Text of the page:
AMA/Vance&Hines Harley-Davidson XR1200s at the Red Bull Indianapolis GP, August 27-29, 2011
XR means more than just Xtra Race
story and photos by Tim Hailey
Tyler O'Hara and Steve Rapp race elbow to elbow through turn 10 at Indy
You might say I didn’t have the best attitude. I heard from a couple of sources (the lovely Jennifer Dowling and the dashing Barry Gilsenan) that Orient Express’s Skip Dowling was at the MotoGP race hanging with Chris Taylor of K-Tech Suspensions. So I called him. “Hey,” Skip said, “I’m headed to the front straight to watch the Harley race.”
“Really?” I asked, genuinely surprised.
“Yeah, it’s gonna be a great race.”
Well, it might be a close race, I thought to myself, but a great race? Anyone who talks with me for more than 5 minutes will surely hear that A: I don’t like spec series, and B: nostalgia is for shows, not real racing.
The pack of XR1200s fan out at all angles
The AMA/Vance&Hines Harley-Davidson XR1200s are great looking bikes but in a decidedly nostalgic way. At a quick glance my photos of the bikes at Indy 2011 could have been from 1971, what with the big square number plates and all. But hey, the Harley phenomenon has always been about nostalgia, at least since 1971, anyway, and there’s been plenty of good money in that while contemporary culture has kept yours truly mostly busted.
So, I decided to watch these bikes that pack nearly 10X the displacement of Dorna's 125s and lap the Indy road course nearly 10 seconds slower. Down the front stretch they look more like the Indy Mile (sadly cancelled this year because of the State Fair stage collapse and resulting lawsuits) than the Indianapolis Motor Speedway, with the riders reaching down to the forks with their clutch hands for a more aerodynamic profile. And aerodynamics are important with these bricks, as Tyler O’Hara took race 1 with a classic draft and slingshot move past Steve Rapp to the finishline.
In the corners they, well, lets say they make taking their picture much easier than a faster bike would. And the riding styles are as diverse as the levels of talent—seasoned pros like Steve Crevier and Jason DiSalvo, aggressive young riders like O’Hara, and H-D dealers’ sons—no, I’m not talking about you here Donny.
Safe! Darren James, who finished 9th in Race 1, slides off turn 10 in Race 2
The pit area was a cool scene, under canopies and much more like a dirt track than the über slick MotoGP garages. Terry Vance was proudly soaking the whole thing in, though it was sort of tucked away in turn 5 (oval turn 2) behind the museum. “We should be up there!” said Terry, waving towards the garages and Ducati Island.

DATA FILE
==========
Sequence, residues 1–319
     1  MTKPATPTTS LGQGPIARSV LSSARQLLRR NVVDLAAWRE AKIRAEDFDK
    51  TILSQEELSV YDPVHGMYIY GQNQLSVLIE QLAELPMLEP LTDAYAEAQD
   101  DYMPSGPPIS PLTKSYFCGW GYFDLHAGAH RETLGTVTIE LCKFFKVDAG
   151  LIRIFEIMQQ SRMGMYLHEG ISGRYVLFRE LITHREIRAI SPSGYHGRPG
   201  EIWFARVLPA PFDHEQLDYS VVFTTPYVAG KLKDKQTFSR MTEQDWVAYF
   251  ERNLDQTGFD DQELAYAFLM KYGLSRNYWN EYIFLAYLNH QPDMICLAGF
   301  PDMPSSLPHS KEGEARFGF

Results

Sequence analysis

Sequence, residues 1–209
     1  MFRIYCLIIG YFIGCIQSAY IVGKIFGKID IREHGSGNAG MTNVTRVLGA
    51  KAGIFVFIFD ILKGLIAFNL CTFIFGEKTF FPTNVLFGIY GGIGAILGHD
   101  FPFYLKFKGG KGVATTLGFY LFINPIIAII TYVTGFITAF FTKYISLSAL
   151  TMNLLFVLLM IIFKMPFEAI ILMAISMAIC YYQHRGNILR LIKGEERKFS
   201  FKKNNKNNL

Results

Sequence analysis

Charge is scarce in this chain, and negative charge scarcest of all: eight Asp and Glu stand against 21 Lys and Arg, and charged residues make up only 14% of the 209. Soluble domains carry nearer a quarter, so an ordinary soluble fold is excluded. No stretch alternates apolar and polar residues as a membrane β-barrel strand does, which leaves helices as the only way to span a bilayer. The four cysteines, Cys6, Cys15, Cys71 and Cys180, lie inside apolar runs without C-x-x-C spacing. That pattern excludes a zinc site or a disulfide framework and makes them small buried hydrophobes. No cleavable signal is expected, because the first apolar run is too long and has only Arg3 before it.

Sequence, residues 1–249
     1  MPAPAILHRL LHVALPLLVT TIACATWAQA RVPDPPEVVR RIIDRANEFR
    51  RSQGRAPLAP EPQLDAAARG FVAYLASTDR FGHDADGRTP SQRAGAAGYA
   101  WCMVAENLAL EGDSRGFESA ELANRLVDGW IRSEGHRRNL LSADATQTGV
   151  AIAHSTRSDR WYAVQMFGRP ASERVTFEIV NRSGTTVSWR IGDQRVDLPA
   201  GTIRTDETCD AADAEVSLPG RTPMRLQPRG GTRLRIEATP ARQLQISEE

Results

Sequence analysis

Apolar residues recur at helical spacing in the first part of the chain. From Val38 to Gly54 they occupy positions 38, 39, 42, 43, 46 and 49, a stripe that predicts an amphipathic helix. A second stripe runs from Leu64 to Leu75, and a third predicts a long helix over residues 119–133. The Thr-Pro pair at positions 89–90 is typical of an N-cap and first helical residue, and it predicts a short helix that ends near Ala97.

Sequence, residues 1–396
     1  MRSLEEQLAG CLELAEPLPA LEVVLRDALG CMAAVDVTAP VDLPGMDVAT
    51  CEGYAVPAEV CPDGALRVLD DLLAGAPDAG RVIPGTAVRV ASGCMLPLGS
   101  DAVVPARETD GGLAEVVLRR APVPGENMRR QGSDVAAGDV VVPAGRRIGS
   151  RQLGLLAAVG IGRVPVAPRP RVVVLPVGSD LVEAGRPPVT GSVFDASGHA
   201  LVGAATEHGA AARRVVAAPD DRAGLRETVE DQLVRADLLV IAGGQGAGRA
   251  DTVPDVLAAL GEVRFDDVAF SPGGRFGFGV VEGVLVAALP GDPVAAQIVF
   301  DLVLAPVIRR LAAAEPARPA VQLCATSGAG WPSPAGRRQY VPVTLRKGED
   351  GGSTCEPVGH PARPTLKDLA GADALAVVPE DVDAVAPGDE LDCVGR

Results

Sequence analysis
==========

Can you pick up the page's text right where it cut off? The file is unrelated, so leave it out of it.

Race 2 again saw O’Hara and Rapp battling near the front, with eventual winner Chris Fillmore inches ahead of them in first. Points leader Fillmore was taken out by a part-timer in Race 1. "I knew what I needed to do and figured if I could stay out front then I'd be in control of everything that happened," said Fillmore. "I got the holeshot and just kept it pinned. Rapp and I went back and forth for quite awhile and Tyler got in there as well. I even fell back to third at one point but I made a quick move and went right back to the front. That's where I wanted to be. I was hoping to dominate but those guys kept me honest. When we got down to two laps to go I went around Rapp on the outside of Turn 1 and really never looked back from there. He stayed close but I wanted that win more than anything."
Chris Fillmore cuts a smooth line on a heavy motorcycle
The win moved Fillmore’s points margin over Rapp to 12 with just one race left this weekend in New Jersey.
After the race I found Skip, his flight cancelled because of Hurricane Irene, hustling off to catch up with Gilsenan for a ride back to New York. I, for one, was glad he talked me into paying close attention to the XR1200s. Sure, this series was no doubt created just to give Harley dealers a reason to attend AMA races, but to hell with being a purist.
complete XR1200 race photo gallery
Find out more about the AMA/Vance&Hines Harley-Davidson XR1200s